According to Manetti’s account, Brunelleschi, together with his close friend, the sculptor Donatello, spent several years ferreting in the ruins of ancient Rome studying most of the important architectural remains. Years before the contest, both friends mapped out the dimensions of most buildings, climbing on their tops and even digging out their foundations to the point they were confused with, and nicknamed the “treasure hunters.” By reading the cracks in the walls, they could analyze and admire certain feats and defeats of the late revival of Etruscan building techniques used to magnify Roman grandeur, such as the “Pantheon,” built under Emperor Hadrian in 121 A.D., or the “Minerva temple” and others.
But in truth, the interior shell of the Pantheon is cornered by a huge buttress of pozzalana concrete (mortar with volcanic ash of Vesuvius) (Figure 8). About 44 m wide and high, the spherical shell starts from brick stone pillars, the famous “locking brickwork” (opus cimenticium) that functioned as coffering. That structure is superseded by circular horizontal layers of concrete amounting to 5,000 tons. Visibly aware of the structural problems involved, the Roman architects ingeniously used tufa, pumice, and even empty clay amphorae to reduce the load of the upper layers while maintaining its structural force.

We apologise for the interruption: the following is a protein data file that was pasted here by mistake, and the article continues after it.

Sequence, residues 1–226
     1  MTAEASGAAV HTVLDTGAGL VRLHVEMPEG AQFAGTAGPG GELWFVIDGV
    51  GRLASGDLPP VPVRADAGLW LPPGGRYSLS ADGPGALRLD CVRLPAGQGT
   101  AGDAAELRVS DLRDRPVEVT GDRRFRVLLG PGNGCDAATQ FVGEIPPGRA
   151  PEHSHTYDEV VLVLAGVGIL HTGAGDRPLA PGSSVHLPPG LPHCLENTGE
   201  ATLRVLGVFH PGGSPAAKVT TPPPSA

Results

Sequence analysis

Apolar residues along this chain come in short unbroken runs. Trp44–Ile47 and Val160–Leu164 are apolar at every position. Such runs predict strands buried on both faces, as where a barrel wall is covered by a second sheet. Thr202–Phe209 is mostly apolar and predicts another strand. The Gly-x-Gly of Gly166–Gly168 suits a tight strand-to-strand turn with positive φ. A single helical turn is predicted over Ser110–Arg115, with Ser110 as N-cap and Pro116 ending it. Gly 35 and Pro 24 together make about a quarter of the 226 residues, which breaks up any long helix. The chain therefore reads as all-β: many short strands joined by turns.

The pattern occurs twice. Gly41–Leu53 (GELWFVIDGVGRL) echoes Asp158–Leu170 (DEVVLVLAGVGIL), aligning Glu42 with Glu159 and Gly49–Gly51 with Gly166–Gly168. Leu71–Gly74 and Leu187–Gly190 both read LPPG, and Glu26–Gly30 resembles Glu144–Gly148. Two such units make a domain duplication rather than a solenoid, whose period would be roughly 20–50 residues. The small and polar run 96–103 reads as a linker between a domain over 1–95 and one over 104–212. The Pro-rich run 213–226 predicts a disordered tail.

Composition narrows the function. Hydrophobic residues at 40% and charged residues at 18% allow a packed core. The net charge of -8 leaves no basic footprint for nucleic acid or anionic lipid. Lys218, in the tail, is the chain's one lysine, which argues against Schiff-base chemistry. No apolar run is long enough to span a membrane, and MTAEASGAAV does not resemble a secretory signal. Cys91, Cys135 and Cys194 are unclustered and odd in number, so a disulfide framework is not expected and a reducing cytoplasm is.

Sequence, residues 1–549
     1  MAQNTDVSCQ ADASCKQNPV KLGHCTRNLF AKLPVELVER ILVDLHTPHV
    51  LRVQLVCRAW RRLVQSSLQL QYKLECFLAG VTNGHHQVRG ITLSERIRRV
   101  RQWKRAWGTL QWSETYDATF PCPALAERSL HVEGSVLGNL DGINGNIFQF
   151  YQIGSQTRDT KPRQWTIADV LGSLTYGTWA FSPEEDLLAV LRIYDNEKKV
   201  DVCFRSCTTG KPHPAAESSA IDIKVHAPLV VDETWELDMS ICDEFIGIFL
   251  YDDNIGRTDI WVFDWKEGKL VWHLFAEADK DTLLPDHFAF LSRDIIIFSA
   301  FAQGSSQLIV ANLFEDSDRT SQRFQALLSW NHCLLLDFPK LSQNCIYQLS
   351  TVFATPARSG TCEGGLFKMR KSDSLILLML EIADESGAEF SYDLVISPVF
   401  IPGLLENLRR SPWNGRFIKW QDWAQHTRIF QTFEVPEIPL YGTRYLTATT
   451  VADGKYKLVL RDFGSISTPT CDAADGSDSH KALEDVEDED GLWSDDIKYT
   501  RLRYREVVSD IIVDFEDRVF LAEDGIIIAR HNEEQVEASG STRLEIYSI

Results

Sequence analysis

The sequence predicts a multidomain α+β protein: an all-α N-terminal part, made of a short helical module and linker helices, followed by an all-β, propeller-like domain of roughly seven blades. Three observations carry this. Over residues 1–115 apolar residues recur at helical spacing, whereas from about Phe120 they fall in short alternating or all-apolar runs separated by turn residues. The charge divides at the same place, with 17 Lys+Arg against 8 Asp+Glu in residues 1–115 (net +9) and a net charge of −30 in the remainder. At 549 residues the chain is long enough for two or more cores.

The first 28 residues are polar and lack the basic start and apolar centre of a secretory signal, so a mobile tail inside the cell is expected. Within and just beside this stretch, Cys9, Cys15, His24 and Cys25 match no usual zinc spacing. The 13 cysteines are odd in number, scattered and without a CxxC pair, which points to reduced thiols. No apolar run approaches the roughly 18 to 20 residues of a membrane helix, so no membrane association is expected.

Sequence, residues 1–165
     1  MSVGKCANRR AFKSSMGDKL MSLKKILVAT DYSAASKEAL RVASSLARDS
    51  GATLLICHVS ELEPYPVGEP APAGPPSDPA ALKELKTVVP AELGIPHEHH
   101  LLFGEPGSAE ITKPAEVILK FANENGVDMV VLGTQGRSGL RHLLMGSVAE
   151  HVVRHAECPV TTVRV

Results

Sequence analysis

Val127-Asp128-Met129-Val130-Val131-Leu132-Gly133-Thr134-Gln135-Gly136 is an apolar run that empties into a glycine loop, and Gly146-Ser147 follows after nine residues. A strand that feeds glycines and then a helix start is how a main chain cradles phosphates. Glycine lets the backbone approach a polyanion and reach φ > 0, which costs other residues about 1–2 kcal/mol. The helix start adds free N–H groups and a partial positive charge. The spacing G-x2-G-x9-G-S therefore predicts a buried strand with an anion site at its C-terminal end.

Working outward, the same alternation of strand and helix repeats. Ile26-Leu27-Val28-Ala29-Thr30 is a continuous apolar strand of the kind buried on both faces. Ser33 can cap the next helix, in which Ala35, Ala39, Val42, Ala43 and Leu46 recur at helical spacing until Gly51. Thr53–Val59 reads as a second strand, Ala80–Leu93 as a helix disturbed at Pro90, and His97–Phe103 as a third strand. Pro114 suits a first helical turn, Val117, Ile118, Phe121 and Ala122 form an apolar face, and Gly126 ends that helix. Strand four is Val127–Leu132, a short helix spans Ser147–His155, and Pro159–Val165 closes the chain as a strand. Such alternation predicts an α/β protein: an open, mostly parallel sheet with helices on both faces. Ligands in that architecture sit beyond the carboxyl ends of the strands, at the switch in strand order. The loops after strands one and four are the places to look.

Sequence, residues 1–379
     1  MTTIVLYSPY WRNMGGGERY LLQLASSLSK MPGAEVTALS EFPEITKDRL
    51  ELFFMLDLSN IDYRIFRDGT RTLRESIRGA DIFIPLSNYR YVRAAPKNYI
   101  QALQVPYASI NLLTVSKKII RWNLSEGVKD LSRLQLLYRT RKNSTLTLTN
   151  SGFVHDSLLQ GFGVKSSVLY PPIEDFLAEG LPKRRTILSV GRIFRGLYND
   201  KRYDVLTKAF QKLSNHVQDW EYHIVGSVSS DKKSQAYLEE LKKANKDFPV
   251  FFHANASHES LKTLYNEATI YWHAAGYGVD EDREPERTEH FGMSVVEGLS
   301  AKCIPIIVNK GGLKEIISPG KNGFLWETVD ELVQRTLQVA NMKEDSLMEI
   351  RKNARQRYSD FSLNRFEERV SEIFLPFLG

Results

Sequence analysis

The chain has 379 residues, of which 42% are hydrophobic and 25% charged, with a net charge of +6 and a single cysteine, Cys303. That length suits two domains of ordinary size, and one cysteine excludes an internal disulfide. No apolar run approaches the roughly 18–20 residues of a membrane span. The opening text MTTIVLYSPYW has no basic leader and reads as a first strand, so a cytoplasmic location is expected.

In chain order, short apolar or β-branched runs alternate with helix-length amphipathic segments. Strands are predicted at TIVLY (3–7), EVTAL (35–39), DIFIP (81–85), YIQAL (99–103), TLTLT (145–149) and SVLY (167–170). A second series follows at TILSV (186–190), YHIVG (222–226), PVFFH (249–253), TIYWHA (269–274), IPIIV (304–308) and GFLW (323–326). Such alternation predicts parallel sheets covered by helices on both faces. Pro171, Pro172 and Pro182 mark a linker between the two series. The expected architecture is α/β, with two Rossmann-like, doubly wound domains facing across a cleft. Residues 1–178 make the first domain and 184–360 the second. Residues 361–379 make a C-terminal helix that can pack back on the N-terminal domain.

It remains unclear if our two friends succeeded in penetrating Nero’s “Domus Aurea” (golden dome) site where in 1506 the famous “Laocone” was discovered (Figure 9). Nero, after having fire consume the city of Rome, decided to build in 64 A.D. in his villa, a spherical salon on an octagonal base that reached an impressive 14 m diameter.
Building without centering is also documented in a more recent period by the recently republished book of John Fitchen, “The construction of Gothic Cathedrals,” which dedicates an entire chapter to that specific matter. The book shows some of the “tricks,” all acting from the outside of the structure, ignoring the “interior geometry” of the walls, which Brunelleschi will call on (Figure 10).
Arches, Vaults, and Cupolas